In some cases, HHS reports statistically significant impacts based on a standard of statistical significance is p<0.10 which is not the norm for most social scientists. The 0.05 level is the norm. With a sample of 4,667 children, there is no reason to use the easier 0.10 level. The larger your sample size the easier it is to find statistically significant findings, so using 0.10 as the standard for statistical significance is unwarranted with such a large sample size… For example, if they used the standard level of significance for the 1st grade year language and literacy measures, then the study would report no statistically measurable impact on all eleven measures. Instead, the lower standard used by HHS allows for them to report that Head Start had at least one positive impact on raised language and literacy.
It will shock you to hear this but there are other government programs equally as inefficacious.
UPDATE: How has the main stream media treated this news that we’ve wasted $100 billion on Head Start? Exactly as you’d think – they’ve never heard of it.
Just back from a Riverside open house that I thought was just perfect – so much so that I’m not giving its address in the hope of showing and selling it this weekend. But I am trying to analyze my feelings about it because, even though the broker quoted a “comparable” sale price from two years ago, I found myself agreeing with her opinion of its value. Could that possibly be, or are we both chewing the same juju weed? Warm January days can have a deleterious effect on one’s objectivity. But all that said, I’m pretty sure the place will sell within 10% of its very large asking price. Hmmm.
19 Meadow Road in Riverside sold for $2.395 million in December, 2005. It’s for sale again, asking $2.295. I wasn’t all that enthusiastic about the place back then but it is a nice street and my lack of fervor for it five years ago was probably attributable, at least in part, to its original asking price of $2.7 million. $2.3 as a starting point feels much better.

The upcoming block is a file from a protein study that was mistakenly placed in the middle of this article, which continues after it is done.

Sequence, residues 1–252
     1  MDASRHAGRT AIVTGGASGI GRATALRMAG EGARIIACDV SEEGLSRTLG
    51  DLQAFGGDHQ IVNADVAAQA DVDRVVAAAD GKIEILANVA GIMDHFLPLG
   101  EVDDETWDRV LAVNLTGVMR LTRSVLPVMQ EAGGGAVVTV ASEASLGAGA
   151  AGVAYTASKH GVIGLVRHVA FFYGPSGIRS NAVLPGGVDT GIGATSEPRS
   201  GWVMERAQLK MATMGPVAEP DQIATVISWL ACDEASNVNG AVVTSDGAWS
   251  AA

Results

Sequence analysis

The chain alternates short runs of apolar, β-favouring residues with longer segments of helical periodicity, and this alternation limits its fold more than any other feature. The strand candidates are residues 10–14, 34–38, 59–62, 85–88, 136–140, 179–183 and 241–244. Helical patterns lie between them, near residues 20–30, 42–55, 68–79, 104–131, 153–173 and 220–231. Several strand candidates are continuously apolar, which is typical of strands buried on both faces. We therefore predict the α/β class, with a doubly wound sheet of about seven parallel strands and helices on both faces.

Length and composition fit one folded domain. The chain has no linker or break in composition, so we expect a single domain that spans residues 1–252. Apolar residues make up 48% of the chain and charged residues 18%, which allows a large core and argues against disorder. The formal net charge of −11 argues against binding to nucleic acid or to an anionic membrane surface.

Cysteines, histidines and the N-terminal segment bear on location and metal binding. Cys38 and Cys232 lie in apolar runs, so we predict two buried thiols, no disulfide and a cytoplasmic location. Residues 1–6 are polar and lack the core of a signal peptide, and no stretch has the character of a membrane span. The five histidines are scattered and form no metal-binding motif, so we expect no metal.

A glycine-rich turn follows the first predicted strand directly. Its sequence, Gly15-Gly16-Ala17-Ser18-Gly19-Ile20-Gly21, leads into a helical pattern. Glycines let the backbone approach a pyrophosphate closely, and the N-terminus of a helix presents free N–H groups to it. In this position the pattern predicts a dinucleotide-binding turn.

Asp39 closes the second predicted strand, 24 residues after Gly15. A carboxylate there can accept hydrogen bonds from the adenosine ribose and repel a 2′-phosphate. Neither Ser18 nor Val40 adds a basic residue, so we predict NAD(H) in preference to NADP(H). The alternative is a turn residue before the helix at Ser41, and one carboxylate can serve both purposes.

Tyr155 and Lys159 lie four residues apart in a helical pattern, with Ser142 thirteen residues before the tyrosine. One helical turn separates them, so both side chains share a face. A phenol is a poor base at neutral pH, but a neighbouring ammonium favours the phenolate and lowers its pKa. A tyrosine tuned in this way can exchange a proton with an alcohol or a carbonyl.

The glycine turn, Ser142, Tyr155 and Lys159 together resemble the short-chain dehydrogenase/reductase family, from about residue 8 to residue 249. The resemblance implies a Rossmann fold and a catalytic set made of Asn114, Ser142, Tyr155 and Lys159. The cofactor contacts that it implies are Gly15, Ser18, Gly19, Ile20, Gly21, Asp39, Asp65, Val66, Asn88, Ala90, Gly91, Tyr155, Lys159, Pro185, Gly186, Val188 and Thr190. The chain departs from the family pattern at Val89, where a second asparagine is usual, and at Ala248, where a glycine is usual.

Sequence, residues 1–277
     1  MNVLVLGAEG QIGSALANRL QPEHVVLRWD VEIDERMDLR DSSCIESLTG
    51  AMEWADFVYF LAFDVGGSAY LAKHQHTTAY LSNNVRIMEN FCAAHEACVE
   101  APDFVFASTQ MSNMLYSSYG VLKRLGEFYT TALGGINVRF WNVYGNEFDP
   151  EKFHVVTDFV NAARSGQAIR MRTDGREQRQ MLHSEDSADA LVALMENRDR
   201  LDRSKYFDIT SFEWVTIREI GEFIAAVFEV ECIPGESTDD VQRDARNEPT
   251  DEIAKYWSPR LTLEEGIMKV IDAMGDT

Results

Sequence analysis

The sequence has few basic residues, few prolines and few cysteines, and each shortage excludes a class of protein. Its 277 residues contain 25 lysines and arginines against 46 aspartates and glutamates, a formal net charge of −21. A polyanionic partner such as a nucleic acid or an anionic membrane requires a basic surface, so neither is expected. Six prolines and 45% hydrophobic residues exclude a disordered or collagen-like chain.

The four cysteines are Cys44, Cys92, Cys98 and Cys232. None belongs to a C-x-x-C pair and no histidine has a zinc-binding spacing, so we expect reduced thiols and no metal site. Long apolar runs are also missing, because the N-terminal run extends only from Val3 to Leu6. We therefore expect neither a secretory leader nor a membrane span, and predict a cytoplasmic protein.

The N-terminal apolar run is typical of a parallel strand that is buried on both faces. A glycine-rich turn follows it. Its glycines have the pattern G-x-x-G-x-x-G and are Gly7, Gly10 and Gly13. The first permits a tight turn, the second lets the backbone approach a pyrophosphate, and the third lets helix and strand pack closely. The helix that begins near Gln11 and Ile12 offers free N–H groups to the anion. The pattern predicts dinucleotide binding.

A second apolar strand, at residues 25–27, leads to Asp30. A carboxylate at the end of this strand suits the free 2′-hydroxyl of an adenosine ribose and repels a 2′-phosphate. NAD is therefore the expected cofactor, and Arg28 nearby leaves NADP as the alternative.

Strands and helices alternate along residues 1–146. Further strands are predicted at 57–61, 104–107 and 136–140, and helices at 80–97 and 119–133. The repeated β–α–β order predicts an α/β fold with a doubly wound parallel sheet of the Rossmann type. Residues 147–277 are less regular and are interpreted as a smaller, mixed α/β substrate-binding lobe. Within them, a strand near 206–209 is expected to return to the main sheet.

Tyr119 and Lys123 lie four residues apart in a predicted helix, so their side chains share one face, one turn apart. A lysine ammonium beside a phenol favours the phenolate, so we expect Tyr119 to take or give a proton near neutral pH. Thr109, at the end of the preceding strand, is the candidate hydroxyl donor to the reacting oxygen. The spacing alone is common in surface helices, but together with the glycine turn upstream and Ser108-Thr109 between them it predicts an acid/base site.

40 Edgewater Drive
This is a perfectly charming house but even when it was newly renovated in 2005 neither I nor buyers thought it was worth its $1.699 asking price. Five years and three brokers later, it’s back on today at $1.249 – that may still not do it, but it’s awfully close to being an excellent deal, given the location south of the Village. This new price doesn’t reflect that big a decline in market values, by the way: it was way overpriced back then and now it’s settling down to reality.
Another price increase! 340 Valley Road, that condominium project with, I believe, seven out of ten units still unsold after three years, has just bumped prices $100,000 to $2.3 million each. These folks obviously see a rosier spring market than I do, but it’s something to watch. I do hope that owners of existing unsold houses won’t follow suit, at least until we whittle down the inventory, but I bet many will. If so, I’m guessing that the spring market will wither – the accuracy of that guess won’t be known until June so if you’re planning to buy a house this spring, take my opinion with a huge grain of salt – I could be wrong, again.
5 Fox Run, a 3-acre building site off of Zaccheus Mead, has been kicking around for a while now. In 2007 it was offered as land only for $4.5 million. The assessment is just $2 million, so that didn’t work. The owner/developer then offered to build a $8,945 sq. house, sketched to the left, for $8.6 million. Still no bites, even though he dropped the price to $6.9. Today he’s back with a 8,500 sq. footer, priced at $8.6 million.
All these are funny money figures – the ultimate cost will depend on the level of finish you desire and I’m sure you could get something built for $6.9 if that’s your budget. But it’s nice to see a builder regain his confidence and believe that the market will again support an almost-nine million dollar project. Now if he can sell it, I’ll join him in his optimism.
46 Parsonage Rd
Here’s an impressive (by which I mean encouraging for sellers) sale on Parsonage Rd. Built in 2002, added to in 2005, with an assessment of just $2 million or so, it was listed in June for $4.950, went to contract in December and sold yesterday for $4 million.